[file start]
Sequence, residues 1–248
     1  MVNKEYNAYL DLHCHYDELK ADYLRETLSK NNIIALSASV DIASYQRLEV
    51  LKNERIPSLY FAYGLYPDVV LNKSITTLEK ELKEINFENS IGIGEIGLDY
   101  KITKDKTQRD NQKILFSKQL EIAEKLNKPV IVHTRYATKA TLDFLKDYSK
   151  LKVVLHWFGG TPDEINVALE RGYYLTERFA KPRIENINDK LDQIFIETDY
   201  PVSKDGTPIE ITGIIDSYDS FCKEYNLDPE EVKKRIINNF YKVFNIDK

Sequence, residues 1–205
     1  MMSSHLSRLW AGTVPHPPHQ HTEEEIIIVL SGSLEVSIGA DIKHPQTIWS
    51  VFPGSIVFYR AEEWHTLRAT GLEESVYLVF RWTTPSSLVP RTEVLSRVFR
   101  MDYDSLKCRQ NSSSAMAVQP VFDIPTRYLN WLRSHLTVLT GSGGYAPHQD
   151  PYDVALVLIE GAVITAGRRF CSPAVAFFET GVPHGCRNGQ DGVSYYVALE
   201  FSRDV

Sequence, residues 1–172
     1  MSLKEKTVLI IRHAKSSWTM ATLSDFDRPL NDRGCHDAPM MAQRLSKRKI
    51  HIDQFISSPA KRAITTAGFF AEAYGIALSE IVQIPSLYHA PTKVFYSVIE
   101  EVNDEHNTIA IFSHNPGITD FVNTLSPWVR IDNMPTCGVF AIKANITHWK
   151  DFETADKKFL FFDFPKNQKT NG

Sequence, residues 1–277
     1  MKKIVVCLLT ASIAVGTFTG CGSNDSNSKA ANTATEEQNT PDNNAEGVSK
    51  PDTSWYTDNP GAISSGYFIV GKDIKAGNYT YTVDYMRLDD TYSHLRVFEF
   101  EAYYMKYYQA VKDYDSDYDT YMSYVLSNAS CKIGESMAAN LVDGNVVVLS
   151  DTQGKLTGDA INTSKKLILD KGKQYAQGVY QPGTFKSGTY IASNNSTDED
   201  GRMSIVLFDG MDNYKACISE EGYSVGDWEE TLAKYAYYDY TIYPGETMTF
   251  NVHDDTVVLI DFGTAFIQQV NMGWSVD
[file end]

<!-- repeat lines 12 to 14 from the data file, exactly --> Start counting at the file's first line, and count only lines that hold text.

   201  FSRDV

Sequence, residues 1–172
     1  MSLKEKTVLI IRHAKSSWTM ATLSDFDRPL NDRGCHDAPM MAQRLSKRKI